Victoria approves mobile 'Shower Power' program for the homeless

Showers for the homeless

People without homes currently living in Victoria’s parks will soon have access to a mobile shower service run by the Salvation Army.

City councillors agreed Thursday to contribute $86,000 toward the non-profit agency’s “Shower Power” project.

The one-time grant will cover more than half the cost of purchasing and operating a three-stall shower trailer that can be towed to parks where people are sheltering.

Councillors selected the Salvation Army Addictions and Rehabilitation Centre from a list of 10 agencies seeking money to deliver mobile hygiene and other services.

“For me, the Salvation Army ‘Shower Power’ is the thing that’s going to deliver the best and most service to the most number of people,” Mayor Lisa Helps said.

Money for the grant will come from federal and provincial COVID-19 relief funds.

The city has been struggling for weeks with how best to provide hygiene services to about 200 people sheltering in parks. Council scrapped an earlier plan to open the shower facilities at Royal Athletic Park because the city was unable to find an agency to operate the service.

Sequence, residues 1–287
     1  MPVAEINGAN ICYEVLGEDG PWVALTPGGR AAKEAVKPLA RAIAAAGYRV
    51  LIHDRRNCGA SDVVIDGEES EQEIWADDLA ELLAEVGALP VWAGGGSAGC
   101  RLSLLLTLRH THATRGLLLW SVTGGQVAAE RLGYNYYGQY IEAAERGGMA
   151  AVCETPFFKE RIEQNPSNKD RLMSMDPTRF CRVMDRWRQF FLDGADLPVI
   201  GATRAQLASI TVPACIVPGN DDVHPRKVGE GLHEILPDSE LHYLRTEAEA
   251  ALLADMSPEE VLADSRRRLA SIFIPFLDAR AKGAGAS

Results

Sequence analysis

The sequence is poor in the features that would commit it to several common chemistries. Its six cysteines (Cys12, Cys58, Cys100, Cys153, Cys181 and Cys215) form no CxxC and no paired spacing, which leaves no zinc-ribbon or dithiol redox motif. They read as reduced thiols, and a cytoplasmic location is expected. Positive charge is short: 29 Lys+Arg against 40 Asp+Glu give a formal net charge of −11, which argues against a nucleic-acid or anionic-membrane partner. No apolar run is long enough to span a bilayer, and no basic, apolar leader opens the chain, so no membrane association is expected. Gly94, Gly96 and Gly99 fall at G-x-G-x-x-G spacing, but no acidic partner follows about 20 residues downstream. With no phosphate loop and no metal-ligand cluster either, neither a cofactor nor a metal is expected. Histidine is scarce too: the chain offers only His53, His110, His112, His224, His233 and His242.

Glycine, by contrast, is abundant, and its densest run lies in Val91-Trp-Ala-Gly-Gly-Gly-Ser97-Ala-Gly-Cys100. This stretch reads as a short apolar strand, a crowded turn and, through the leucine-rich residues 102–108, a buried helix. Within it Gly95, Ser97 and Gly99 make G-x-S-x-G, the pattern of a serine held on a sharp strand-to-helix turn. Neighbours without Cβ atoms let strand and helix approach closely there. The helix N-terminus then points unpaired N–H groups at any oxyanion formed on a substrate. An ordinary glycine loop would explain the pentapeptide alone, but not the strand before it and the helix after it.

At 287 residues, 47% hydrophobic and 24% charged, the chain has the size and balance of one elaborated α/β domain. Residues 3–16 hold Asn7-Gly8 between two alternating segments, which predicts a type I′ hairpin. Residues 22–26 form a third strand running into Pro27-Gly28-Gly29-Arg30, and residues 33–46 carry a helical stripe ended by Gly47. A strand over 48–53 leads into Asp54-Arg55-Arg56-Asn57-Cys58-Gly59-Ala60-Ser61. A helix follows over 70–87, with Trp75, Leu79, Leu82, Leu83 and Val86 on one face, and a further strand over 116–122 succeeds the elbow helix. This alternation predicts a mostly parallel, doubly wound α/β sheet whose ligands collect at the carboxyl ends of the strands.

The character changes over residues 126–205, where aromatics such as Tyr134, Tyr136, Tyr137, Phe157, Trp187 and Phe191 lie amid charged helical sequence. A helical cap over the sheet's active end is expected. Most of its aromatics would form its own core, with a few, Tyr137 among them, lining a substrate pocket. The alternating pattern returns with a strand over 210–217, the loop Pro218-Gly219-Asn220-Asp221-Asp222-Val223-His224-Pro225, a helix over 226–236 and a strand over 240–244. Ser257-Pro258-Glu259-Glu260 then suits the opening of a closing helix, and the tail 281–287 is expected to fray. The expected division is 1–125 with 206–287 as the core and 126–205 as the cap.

Then, last month, bylaw officers dismantled two unauthorized showers and a large cistern that a group of volunteers installed in Beacon Hill Park. City officials said wastewater from the showers was entering a storm drain in violation of the sanitary sewer and storm water bylaw.

The Salvation Army stated in its grant application that the mobile shower service will allow people experiencing homelessness to access hygiene services in a dignified manner.

“Everybody should have the ability to access a warm shower,” the agency said.

The total cost of the project is pegged at nearly $142,000, with the Salvation Army picking up the tab for additional staffing costs, insurance, transportation and fresh clothing for clients.

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